Hit-and-run accidents are becoming too commonplace in the Greater Toronto Area.

In Ontario, owners of motor vehicles are required to have auto insurance. As such, if you are injured and the other driver who hit your vehicle cannot be identified, you might still be able to recover some of your damages.

Police Report

Make sure to report the hit-and-run incident to the police. According to a regulation under Ontario’s Insurance Act and Ontario’s Automobile Policy Owner’s Policy, you have 24 hours to report the hit-and-run accident where bodily injury has occurred. It is in your best interest to make this report within that time period or as soon as possible after that if you or someone on your behalf cannot report the accident beforehand.

You will need to provide the police with as much detail as possible about the accident to allow them to investigate. This information includes the make and model, and any part of the licence plate information, of the vehicle that hit your vehicle. To the extent you were able to obtain witness statements, let the police know. Also, advise the police of any photos you were able to take of your vehicle and the scene of the accident.

These days with video surveillance and the help of media, including social media, there may be an increased chance that the driver will be identified.

Moreover, your insurance company will likely ask for a copy of the police report. It will question whether there indeed was an unidentified driver who collided with your vehicle to determine whether to pay out any amount to you.

Car Insurance Claim

Also contact the insurance company insuring your vehicle within 24 hours. The insurance representative will advise you on the information required and time limit to provide the information.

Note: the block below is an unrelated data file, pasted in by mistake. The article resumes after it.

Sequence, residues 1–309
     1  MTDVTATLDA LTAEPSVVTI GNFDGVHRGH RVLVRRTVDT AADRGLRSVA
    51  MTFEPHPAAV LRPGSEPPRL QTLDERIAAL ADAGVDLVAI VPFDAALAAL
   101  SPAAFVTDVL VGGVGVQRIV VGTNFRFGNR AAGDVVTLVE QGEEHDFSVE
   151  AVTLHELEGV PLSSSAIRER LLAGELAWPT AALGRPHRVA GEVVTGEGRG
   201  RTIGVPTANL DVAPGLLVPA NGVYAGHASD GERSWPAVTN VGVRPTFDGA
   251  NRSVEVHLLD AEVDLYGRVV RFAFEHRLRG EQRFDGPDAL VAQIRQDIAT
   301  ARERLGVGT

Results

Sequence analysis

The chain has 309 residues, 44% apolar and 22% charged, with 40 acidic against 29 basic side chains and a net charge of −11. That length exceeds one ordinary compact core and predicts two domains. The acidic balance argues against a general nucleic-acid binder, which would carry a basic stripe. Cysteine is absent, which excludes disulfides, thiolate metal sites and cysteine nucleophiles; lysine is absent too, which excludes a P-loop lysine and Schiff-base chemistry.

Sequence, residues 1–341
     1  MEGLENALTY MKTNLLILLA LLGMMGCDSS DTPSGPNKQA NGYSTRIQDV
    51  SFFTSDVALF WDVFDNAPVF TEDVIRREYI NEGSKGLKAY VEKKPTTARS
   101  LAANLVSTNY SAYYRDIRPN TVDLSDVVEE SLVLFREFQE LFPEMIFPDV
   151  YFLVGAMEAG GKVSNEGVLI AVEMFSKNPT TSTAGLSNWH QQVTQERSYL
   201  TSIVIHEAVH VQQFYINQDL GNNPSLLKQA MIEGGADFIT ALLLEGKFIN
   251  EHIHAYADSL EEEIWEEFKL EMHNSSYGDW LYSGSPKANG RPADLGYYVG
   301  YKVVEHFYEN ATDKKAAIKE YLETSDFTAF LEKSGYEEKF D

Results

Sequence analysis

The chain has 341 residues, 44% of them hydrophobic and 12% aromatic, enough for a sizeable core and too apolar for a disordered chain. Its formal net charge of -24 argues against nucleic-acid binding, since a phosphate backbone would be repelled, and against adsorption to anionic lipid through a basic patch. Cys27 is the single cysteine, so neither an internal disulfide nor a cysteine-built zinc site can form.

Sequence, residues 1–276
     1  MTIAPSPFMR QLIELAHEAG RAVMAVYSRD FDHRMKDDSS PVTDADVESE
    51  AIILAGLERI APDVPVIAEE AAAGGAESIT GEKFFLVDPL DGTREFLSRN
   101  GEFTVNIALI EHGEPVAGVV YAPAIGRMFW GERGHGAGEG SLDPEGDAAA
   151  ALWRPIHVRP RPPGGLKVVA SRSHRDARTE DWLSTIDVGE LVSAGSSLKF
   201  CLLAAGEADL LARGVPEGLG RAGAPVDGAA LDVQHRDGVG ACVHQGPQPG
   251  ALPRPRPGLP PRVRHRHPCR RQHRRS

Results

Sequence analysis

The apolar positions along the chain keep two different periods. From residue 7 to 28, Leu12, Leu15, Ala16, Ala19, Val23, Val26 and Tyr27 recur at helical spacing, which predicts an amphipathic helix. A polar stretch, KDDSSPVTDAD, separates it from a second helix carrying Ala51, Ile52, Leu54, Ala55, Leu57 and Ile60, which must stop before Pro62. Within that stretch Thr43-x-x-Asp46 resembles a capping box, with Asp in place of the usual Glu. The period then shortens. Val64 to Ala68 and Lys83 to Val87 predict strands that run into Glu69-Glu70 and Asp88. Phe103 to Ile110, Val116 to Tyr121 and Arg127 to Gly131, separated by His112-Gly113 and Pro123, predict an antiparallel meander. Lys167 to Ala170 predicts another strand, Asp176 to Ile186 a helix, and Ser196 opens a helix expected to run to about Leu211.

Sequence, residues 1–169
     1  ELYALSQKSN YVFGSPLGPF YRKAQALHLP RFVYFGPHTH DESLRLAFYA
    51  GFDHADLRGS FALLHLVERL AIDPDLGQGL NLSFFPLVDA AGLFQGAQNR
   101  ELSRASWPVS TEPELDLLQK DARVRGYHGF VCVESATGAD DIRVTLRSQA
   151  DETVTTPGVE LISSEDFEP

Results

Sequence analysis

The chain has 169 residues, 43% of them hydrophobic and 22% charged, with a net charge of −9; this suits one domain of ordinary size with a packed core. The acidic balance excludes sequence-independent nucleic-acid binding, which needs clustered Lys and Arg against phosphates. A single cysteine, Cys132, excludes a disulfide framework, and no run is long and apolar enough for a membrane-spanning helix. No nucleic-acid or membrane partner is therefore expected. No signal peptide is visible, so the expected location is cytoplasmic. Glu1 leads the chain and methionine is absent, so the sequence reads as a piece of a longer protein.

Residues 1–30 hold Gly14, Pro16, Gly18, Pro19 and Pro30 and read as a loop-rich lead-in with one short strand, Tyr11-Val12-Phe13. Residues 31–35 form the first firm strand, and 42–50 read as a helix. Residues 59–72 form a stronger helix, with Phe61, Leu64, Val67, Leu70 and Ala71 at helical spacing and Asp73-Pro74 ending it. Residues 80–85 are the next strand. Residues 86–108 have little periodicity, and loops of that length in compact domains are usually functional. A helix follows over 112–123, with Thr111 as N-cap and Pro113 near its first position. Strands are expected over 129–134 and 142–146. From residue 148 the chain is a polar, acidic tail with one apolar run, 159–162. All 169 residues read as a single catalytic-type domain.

The insurance company will review the level of coverage you have. This review will include seeing whether you have purchased the optional coverage of OPCF 44R, which is known as the Family Protection Coverage. The OPCF 44R provides you with some degree of protection in cases such as a hit-and-run situation.

Claim and Lawsuit Against Identified Driver

If the driver who left the accident scene is identified, the injured party can look to the at-fault driver or owner of the vehicle to seek monetary damages. If the damages sought exceed the other driver’s coverage limit, you can make an OPCF 44R claim with your own insurance company depending on your third-party liability coverage amount. Also, speak with an experienced personal injury lawyer about the merits of filing a lawsuit against the other driver for any excess amounts.

For over 30 years, Douglas Strelshik has been representing injured parties in personal injury claims and vehicle owners in vehicle insurance claims. Contact Douglas at 647.348.5422 to discuss your specific case and whether the amount your insurance company is offering is reasonable.